Green might be the new black but it will have the same staying power as a white button-down shirt, outliving its annoying trendiness for good reason. This week, green is “universal” and entering your home in more ways than one. Good things are being made available to you in visuals and tidbits on network channels and a new U.S. EPA Green Homes website. As Green Week proceeds on NBC Universal channels from Nov. 15 to 22, the network is promoting its “Green Is Universal” campaign for the third year in a row.
Information on greening your home, lowering energy bills and green stocks will be featured on NBC Universal’s various networks that include NBC, CNBC, MSNBC, iVillage, Bravo, Oxygen, USA Network and The Weather Channel. Primetime will feature green episodes of 30 Rock with a cameo appearance by Al Gore, Community, The Office and several others.
Beginning on Sunday, Green Week shows will feature information on reducing your carbon footprint, alleviating asthma and where to put your money. Real stories will be told about American neighborhoods exposed to high levels of air and water pollution as well as new innovations in generating energy.
Amid television coverage, the Environmental Protection Agency on Monday announced its new Green Homes website, featuring tools to cut energy costs, reduce waste and water usage, and improve indoor air quality in American homes. Homeowners, buyers and renters can click on a room in the virtual green home and have their finger on ways to green each room of a home as well as outside in the yard.
The significance of the information, you wonder? There are approximately 128 million homes in the U.S., collectively responsible for more than half of America’s entire energy use and a third of the carbon dioxide emitted nationwide. While green building is all the rage, residential America is virtually untouched in terms of green practices and technology, the EPA says, due to a lack of clear, consolidated, and credible information.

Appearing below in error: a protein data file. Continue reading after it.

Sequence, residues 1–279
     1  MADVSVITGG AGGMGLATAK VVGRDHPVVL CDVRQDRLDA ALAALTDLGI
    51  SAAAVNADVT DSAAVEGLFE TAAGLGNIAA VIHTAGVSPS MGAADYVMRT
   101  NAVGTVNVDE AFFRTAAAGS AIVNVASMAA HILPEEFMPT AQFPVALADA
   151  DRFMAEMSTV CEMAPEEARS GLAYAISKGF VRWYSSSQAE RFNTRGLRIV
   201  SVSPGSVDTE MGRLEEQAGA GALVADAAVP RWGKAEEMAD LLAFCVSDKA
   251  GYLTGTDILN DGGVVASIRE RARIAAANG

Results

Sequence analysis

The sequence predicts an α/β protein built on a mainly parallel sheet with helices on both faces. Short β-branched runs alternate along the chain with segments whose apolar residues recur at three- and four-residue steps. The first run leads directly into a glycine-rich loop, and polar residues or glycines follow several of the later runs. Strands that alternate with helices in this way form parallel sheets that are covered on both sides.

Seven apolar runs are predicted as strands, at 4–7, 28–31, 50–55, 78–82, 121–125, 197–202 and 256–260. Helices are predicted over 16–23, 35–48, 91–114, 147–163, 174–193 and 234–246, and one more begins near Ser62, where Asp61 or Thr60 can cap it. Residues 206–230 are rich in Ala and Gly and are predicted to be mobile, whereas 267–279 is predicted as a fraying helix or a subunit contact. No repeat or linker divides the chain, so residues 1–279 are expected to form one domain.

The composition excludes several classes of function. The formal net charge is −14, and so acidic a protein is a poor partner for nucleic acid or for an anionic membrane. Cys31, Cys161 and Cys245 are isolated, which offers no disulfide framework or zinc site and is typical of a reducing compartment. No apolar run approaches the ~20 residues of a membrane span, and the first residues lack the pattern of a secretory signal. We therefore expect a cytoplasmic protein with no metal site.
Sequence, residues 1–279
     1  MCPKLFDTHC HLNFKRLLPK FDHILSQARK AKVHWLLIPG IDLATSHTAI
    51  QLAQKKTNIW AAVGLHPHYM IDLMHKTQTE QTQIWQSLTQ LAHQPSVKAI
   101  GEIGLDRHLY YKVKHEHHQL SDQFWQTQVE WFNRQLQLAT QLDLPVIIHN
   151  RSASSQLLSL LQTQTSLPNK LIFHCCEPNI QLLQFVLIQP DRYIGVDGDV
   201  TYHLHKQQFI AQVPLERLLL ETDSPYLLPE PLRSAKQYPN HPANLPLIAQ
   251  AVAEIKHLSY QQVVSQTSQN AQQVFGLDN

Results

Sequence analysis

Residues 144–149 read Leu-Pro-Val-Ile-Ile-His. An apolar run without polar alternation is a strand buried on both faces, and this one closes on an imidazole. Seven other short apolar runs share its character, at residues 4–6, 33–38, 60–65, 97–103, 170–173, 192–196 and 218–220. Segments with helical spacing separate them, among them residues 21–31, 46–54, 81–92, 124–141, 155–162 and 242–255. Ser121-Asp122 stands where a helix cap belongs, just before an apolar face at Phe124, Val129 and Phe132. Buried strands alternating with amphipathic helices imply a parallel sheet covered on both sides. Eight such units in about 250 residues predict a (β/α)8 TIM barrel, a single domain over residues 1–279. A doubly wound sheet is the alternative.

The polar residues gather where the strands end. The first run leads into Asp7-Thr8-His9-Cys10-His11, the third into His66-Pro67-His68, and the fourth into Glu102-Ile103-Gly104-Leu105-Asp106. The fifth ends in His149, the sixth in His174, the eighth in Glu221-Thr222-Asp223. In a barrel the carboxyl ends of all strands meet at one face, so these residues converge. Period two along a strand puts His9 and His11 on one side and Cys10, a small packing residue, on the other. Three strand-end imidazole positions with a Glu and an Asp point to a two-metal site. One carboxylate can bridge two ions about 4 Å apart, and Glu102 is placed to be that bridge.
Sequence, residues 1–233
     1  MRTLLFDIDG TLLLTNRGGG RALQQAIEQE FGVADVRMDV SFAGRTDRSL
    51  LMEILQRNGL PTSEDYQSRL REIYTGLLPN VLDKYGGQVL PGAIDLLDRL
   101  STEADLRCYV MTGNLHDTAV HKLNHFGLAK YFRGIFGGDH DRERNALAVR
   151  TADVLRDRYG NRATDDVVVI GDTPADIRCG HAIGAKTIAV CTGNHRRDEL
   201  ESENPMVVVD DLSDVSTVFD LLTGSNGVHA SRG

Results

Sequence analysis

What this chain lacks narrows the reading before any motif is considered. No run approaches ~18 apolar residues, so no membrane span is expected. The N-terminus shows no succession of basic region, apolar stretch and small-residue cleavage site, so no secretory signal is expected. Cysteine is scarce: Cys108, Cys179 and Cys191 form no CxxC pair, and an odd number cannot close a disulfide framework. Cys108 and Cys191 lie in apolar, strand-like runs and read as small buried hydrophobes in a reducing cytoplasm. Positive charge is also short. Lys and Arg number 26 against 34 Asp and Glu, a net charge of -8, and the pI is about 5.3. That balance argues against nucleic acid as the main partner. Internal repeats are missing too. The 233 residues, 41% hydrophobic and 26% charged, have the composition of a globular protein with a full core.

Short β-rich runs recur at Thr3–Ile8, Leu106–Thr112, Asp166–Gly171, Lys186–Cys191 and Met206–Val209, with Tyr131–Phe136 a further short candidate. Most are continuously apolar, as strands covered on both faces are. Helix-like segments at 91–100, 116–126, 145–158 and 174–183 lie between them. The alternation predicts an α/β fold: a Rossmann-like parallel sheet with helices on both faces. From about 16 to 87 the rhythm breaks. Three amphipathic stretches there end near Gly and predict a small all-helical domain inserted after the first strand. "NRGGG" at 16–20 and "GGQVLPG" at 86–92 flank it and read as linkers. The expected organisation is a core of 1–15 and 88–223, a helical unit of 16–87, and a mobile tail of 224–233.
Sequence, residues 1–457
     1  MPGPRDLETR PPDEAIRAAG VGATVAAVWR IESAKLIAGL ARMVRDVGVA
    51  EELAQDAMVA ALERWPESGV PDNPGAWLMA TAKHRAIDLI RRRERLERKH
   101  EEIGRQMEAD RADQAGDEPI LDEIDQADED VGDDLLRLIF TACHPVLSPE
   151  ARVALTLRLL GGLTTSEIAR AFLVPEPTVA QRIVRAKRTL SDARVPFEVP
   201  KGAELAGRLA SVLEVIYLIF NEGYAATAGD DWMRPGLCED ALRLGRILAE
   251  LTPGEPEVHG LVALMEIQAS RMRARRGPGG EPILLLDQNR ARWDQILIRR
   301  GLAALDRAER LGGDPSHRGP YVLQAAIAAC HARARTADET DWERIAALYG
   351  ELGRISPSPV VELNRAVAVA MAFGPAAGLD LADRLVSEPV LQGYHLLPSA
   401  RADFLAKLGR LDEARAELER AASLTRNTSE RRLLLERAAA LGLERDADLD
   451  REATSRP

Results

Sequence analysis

According to the Energy Information Association, approximately 40 percent of the pollution generated in the U.S. comes from buildings, half of which is due to American homes; just behind buildings are transportation and industrial sources. The typical American household uses most of its energy on heating and cooling and heating water. Miscellaneous uses account for 15 percent of typical energy use, followed by lighting (11%), refrigerator/freezer (7%), television (5%), clothes washer/dryer (5%), cooking (3%), personal computer (2%) and dishwasher (1%). A majority of American homes are largely built from old, inefficient methods and materials. However, one shiny nugget appeared last week as the EPA announced a landmark one million Energy Star homes are now part of the American residential landscape.
As NBC launched Green Week with features during NFL programming, Sunday was America Recycles Day, sponsored by EPA. Keeping up with recycling and reusing wherever you are helps fend off pollution and climate change.
The lifecycle energy savings of recycling rather than landfilling one aluminum can is equivalent to the energy use of a laptop for 5 hours, a 60-watt incandescent light bulb for 4 hours, or a 60-watt compact fluorescent light bulb for 20 hours, EPA says.
Whatever you may watch, read or hear, find what you can do or change. “Because how we spend our days is, of course, how we spend our lives,” as American author Annie Dillard once said.